Inside the content world of Honda and other automotive brands

Honda is no stranger to using storytelling to sell its cars and motorbikes. It has invested heavily in film and has been working with London’s ad agency Wieden+Kennedy for several years and together they have won many industry awards for their creativity. Last year they topped the bill in the prestigious IAB Creative Showcase awards with their three minute cinematic experiment, The Other Side. The Japanese car maker released its film, which at first glance appears to be a single ad, promoting its latest Civic Type-R car on its YouTube channel. The letter ‘R’ is highlighted in red in all the captions – inviting digital viewers to press their corresponding buttons on their keyboards to reveal a parallel story of newly released wild child alter-ego of the Civic hatchback. It cleverly allows the audience to switch from viewing a suburban dad collecting his daughter from school and driving her to a surprise party to a night time father (his other darker side) who is an undercover cop catching thieves in a police sting. It’s a great piece of content that sits proudly at the centre of the stage on its website. The automotive brand has clearly believes in creating a cinematic experience aimed at inspiring and engaging its audience. Its YouTube channel is packed with videos documenting people’s journeys driving or biking around the world as well as coverage of major sporting events.

Elsewhere on social Honda has continued to be active. It has used its brand power to front campaigns like #SaveTheDriveIn in 2013 and last year’s #Cheerance campaign in 2014 that supported Pediatric Brain Tumor Foundation. Back in 2013 it created a dedicated website on Tumblr to champion the tradition of the great American Drive-in, many of which are still in danger of closing. As local towns fail to upgrade their reels to digital the numbers attending drive-ins are dwindling. The #SaveTheDriveIn hashtag galvanised support for ‘Project Drive-in’ which encouraged local people to save their drive-ins up and down the country. The Tumblr site, which carried great user generated content, had an interactive element where fans could vote to save outdoor theatres from extinction. The winning cinemas received the needed $80,000 digital projectors, a cost which is prohibitive to many small towns. The campaign generated nearly 750,000 votes and raised more than $18,000 in contributions. Its promo video was viewed by more than 1 million people.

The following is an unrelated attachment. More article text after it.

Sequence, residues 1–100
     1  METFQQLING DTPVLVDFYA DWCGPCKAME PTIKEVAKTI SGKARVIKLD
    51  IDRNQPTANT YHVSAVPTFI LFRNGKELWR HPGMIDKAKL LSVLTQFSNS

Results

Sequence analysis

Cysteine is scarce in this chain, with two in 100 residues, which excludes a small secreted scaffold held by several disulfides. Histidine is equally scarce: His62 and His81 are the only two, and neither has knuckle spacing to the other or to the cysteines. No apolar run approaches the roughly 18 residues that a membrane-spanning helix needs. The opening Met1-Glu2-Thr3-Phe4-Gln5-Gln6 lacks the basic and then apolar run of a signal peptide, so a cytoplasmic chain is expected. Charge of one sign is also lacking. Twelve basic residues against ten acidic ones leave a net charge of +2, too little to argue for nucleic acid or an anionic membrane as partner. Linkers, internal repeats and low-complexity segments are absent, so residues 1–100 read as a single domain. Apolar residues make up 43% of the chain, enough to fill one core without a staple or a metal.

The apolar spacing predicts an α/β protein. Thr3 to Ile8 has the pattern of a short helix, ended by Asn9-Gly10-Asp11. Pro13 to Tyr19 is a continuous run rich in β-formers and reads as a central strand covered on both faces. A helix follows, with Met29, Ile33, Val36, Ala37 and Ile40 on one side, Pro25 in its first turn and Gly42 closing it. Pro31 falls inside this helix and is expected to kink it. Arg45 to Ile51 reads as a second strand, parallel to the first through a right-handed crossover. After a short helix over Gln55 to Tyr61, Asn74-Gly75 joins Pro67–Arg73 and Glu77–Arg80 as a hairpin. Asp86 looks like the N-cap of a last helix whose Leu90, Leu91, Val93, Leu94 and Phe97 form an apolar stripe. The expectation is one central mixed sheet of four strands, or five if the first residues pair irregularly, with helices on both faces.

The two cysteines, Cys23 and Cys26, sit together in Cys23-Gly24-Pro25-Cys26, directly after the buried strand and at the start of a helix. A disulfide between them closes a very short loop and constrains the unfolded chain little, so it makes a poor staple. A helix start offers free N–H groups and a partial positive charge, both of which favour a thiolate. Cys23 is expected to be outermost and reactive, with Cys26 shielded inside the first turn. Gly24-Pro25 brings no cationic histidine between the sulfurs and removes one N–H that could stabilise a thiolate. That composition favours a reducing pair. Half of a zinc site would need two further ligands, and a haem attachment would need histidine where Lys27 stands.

Honda’s social team upped the ante last year in its five day #Cheerance campaign in America – recruiting street entertainers, hosting live events as well as creating some great video for its YouTube channel with the aim of spreading ‘cheer to as many people as possible’ (as well as raising its own brand profile!). YouTuber Andrew Hales was videoed dancing with random strangers, selected cities were bestowed with buried treasure boxes containing money, gift cards and free tickets and elsewhere the brand placed signs at random that read ‘stand here for cheer’ and those that did, were given praise or gifts. Honda even created its own comedy channel featuring 60-second comedy clips from comedian Steve Simone.

Other automotive brands creating innovative content

Volkswagen’s Eyes on the Road film:

The road safety ad created by Ogilvy Beijing propelled Volkswagen to the forefront of people’s minds last year with its Eyes on the Road campaign. The film, aimed at highlighting the danger of texting whilst driving, showed unsuspecting movie goers in Hong Kong a clip of a car driving down the road as if they were in the driver’s seat. Makers of the film engineered it so that the audience received a text midway through the ad and while they were distracted, the car in the film crashes. The film ends with a message about the dangers of phone usage and driving. The video of the audience’s reaction went viral and the resulting in news coverage throughout the world.

Mazda’s Zoom Zoom Magazine:

Now in its 23rd edition and fourth year the digital magazine has been a hit for this automotive brand. With its sleek imagery and GIF magic it draws its loyal fans in. It’s simple and easy to nagivate the content on offer – ranging from brand news, driving route recommendations (its latest is from Barcelona), articles on current affairs such as an indepth look at the American city of New Orleans 10 years on from Hurricane Katrina and lots and lots about the car brand’s various makes and models.

Ford’s social-first approach:

The American car giant Ford is putting its marketing money into the hands of influencers rather than traditional media, like adverts, its VP of European communications announced earlier this year. It is heavily investing in creating compelling and engaging content that lands directly into the social media feeds of its fans and followers via key industry influencers. The car manufacturer has also taken to film-making to launch the latest model of the Ford Focus – hiring stunt driver Ken Block to put the car to the test and demonstrate its handling and gadgets which was seen by more than 1 million viewers.

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